At The Motley Fool, we poke plenty of fun at Wall Street analysts and their endless cycle of upgrades, downgrades, and "initiating coverage at neutral." While the pinstripe-and-wingtip crowd is entitled to its opinions, we've got some pretty sharp stock pickers down here on Main Street, too. (And we're not always impressed with how Wall Street does its job.)
Given this, perhaps we shouldn't be giving virtual ink to "news" of analyst upgrades and downgrades. And we wouldn't -- if that were all we were doing. Fortunately, in "This Just In," we don't simply tell you what the analysts said. We also show you whether they know what they're talking about.
Today, we're going to take a look at three high-profile ratings moves on Wall Street: a downgrade for DragonWave
Wave goodbye to DragonWave
Let's get the bad news out of the way first. With its fiscal fourth-quarter 2012 having just ended, packet microwave radio systems maker DragonWave revised its revenue guidance Tuesday. And when I say "revised," I mean "warned." DragonWave was never expected to produce an actual profit for the quarter (or for the year, or for next year, either), but analysts had at least hoped the company would deliver on revenue for the quarter. But it was not to be.
"Delays in shipments to customers in North America, Japan and the Middle East" cut deeply into Q4 sales, DragonWave says. As a result, when earnings finally come out, investors can expect to see no more than $9.4 million in Q4 revenues -- about 33% lower than what Wall Street had been expecting.
After taking some time to mull the new numbers, Avian Securities decided to throw in the towel on DragonWave this morning. Previously neutral on the stock, Avian now says it's negative -- and I can't blame it. Unprofitable today, and expected to remain so through at least 2013, DragonWave's situation looks iffy. The company's $60 million cash hoard will buy it some time, but if it keeps burning the stuff at the rate it's been going, the company could still run out of cash before it can turn a profit.
In happier news, Ciena spiked yesterday on a report of better-than-expected revenues and a return to positive cash flow. Adding to the enthusiasm, Stifel Nicolaus predicted this morning that Ciena is going to $20 a share, and upgraded the stock to buy. But should you? Buy Ciena, that is?
I admit, at first glance the stock looks as iffy as DragonWave. Trailing GAAP profits at Ciena remain decidedly negative. The company's also mired in debt -- an issue DragonWave doesn't face (yet).
On the other hand, Ciena does have one thing in its favor. As of this week, Ciena has now produced back-to-back free-cash-flow-positive quarters. That's one more than telecom equipment industry rival Alcatel-Lucent
Still, even if Ciena can repeat this feat over the next six months, its run-rate for free cash flow will still be just $72 million and give the stock a 20 times price-to-free-cash-flow ratio. That seems a bit pricey for a projected 16% grower. If you're betting on a rebound in these companies' businesses, Alcatel looks like the better speculative bargain. Four quarters' worth of $704 million FCF would have that stock trading for less than two times FCF.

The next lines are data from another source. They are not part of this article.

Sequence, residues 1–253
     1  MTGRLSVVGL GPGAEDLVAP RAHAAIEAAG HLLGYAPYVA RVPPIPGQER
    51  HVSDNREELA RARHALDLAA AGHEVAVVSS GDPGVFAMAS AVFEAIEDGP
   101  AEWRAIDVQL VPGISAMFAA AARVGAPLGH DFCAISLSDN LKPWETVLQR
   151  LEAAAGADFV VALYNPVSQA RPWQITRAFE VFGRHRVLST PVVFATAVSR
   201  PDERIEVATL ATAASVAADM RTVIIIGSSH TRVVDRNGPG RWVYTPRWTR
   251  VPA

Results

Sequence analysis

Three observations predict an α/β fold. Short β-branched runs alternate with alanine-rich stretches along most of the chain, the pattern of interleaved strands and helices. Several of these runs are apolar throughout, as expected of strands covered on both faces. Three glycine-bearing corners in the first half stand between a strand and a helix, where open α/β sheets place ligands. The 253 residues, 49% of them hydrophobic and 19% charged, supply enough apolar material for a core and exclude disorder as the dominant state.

And now that our telecom work is done, it's time for some entertainment. This morning, Canaccord Genuity initiated coverage of the mobile gaming segment with a pair of new ratings. Citing risks including overdependence on Facebook for revenue, and selling pressure as the "lockup period" on its IPO shares expires, Canaccord only gave Zynga
According to Canaccord, this "mobile gaming pure-play" is in the early stages of a turnaround in which it focuses on cash-rich smartphone owners over less-flush "feature phone" users, and keeps more revenues in-house by developing its own games rather than licensing those developed elsewhere. Looking way, way out into the future, Canaccord sees Glu turning these revenues into earnings per share of $0.33 three years from now, in 2014, and thinks the stock should fetch 30 times that number -- or about $10 a share by then. Nearer term, the analyst sticks a $7-a-share price estimate on Glu, suggesting a 75% profit from today's levels. Is that reasonable?
It depends on your frame of reference. Comparing Glu to Zynga, Canaccord points out that Glu sells for two times forward sales but costs just 40% of the valuation given to the 2013 sales estimates for Zynga.
Foolish final thought
Personally, I'd be more concerned about the fact that Glu sells for 3.7 times the sales it actually made over the past year -- which is more than twice the price that Electronic Arts fetches, and 20% more than already profitable Activision Blizzard costs. Or the fact that both EA and Activision are generating truckloads of free cash flow, while Glu is not. Personally, I think I'll still with the free-cash-flow-positive companies, and leave the speculative picks to Canaccord.
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Editor's note: A previous version of this article mistakenly included references to OmniVision and Mitek, which the author discussed in an earlier article. The Fool regrets the error.